A Christmas Eve report from Ian James at the Associated Press on developments in Venezuela caused me to go to the dictionary to make sure my understanding of the word "bold" is correct.
In context, here are the two most relevant definitions of the word found at dictionary.com:
- (first listing) "not hesitating or fearful in the face of actual or possible danger or rebuff; courageous and daring: a bold hero."
- (third listing) "necessitating courage and daring; challenging: a bold adventure."
One thus has to take the following sentence, the first in James's report, as a virtually explicit expression of admiration for the latest authoritarian moves by the country's "El Presidente," Hugo Chávez:
Flurry of laws boost Chavez's power in Venezuela
President Hugo Chavez has given himself the equivalent of a big Christmas present in congress: a package of laws that dramatically expand his powers and allow him to undermine opponents in one of the boldest moves of his presidency.
Someone should ask Ian James and his editors how they can believe that an authoritarian "president" who has created his own street army and who then "persuades" a bunch of lame duck legislating Chavistas to give him more power is demonstrating "courage" and "daring." The better explanation of Chávez's moves is that they represent the actions of a coward who is so afraid of his opponents that he isn't willing to face a new legislature where the opposition will only comprise 40% of its membership. A journalist attempting to be objective would have at least settled for "aggressive" -- or, even better, "controversial," a word the establishment press routinely applies to mainstream sensible conservative ideas -- instead of the clearly complimentary "bold."
Here are a few more paragraphs from Mr. James:
In a single week, he has used an outgoing National Assembly packed with loyalists to gain new abilities to crack down on critics - over the air, on the Internet, in universities and from independent organizations that get foreign funding. He also has obtained broad powers to bypass Venezuela's legislature and enact laws by decree for the next year and a half.
Chavez is likely to use the new powers to try to strengthen his political footing as he prepares for the next presidential election in less than two years.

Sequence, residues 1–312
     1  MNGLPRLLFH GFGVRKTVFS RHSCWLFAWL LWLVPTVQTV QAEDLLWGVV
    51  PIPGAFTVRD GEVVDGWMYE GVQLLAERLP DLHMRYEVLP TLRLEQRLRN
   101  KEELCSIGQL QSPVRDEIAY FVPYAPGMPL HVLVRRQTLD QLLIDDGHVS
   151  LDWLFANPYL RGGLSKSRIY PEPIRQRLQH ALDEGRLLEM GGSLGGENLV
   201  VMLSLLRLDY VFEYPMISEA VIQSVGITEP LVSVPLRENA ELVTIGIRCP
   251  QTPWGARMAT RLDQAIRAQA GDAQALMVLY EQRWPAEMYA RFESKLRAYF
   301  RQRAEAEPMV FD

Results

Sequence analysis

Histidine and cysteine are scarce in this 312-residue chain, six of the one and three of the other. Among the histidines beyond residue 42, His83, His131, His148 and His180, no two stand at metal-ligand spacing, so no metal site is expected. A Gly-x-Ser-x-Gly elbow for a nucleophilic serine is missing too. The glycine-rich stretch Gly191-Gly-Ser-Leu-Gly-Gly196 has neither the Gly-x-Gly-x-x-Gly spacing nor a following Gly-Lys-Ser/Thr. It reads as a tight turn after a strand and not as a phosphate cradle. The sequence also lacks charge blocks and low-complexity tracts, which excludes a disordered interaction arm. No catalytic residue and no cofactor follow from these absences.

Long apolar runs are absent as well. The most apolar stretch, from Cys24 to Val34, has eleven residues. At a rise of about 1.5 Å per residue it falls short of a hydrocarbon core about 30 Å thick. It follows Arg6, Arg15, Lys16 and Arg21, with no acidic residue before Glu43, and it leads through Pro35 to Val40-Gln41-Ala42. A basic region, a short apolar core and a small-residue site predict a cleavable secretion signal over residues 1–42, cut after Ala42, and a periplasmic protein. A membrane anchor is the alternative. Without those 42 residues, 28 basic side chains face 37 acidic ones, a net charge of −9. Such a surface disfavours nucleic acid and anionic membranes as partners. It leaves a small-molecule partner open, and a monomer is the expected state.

Opponents are denouncing the maneuvers as a virtual "coup d'etat" before a new legislature takes office Jan. 5 with enough opposition lawmakers to prevent passage of some types of major laws.
"What the outgoing National Assembly is doing is taking advantage of Christmas to legislate behind the country's back," said Julio Borges, an opposition congressman-elect. "They're approving a bunch of laws that are aimed solely at concentrating power."
"We are advancing toward a dictatorship," Roman Catholic Cardinal Jorge Urosa Savino told Globovision television on Friday. He said officials should consider "the very great responsibility they will have before history and before God if they try to impose a totalitarian dictatorship."
Sadly, James's "bold" report is yet another in a very long list of examples of the establishment press's fascination and nearly explicit support for Latin American dictators and thugs. Current or previous examples include Cuba's Fidel Castro, Chile's Salvador Allende in the 1970s, Daniel Ortega in Nicaragua. Recently Manuel Zelaya, who "was (justifiably) removed from the Honduran presidency by that country's Supreme Court and Congress on June 28 for violations of the constitution," was supported by Hillary Clinton's State Department and the Obama administration and treated with general sympathy in the U.S. establishment press.
It is reasonable to ask how we can trust the AP or others in the establishment press to perform their alleged watchdog function in the U.S. in the face of authoritarian moves by the Obama administration when their sympathies with Latin American and other thugs are so consistent and obvious. The answer, of course, is that we can't.
Cross-posted at BizzyBlog.com.